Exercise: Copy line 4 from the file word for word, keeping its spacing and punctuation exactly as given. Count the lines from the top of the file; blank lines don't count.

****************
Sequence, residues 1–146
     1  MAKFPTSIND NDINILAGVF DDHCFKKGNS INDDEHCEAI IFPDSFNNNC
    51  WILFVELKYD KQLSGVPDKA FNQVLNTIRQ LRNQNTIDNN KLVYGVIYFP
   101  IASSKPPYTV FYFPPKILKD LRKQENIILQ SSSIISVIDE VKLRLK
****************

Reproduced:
   101  IASSKPPYTV FYFPPKILKD LRKQENIILQ SSSIISVIDE VKLRLK